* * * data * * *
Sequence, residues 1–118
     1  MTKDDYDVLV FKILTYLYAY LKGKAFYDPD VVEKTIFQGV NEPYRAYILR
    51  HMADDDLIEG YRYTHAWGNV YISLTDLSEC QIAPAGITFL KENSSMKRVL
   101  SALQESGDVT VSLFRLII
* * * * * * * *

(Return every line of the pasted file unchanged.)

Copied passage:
Sequence, residues 1–118
     1  MTKDDYDVLV FKILTYLYAY LKGKAFYDPD VVEKTIFQGV NEPYRAYILR
    51  HMADDDLIEG YRYTHAWGNV YISLTDLSEC QIAPAGITFL KENSSMKRVL
   101  SALQESGDVT VSLFRLII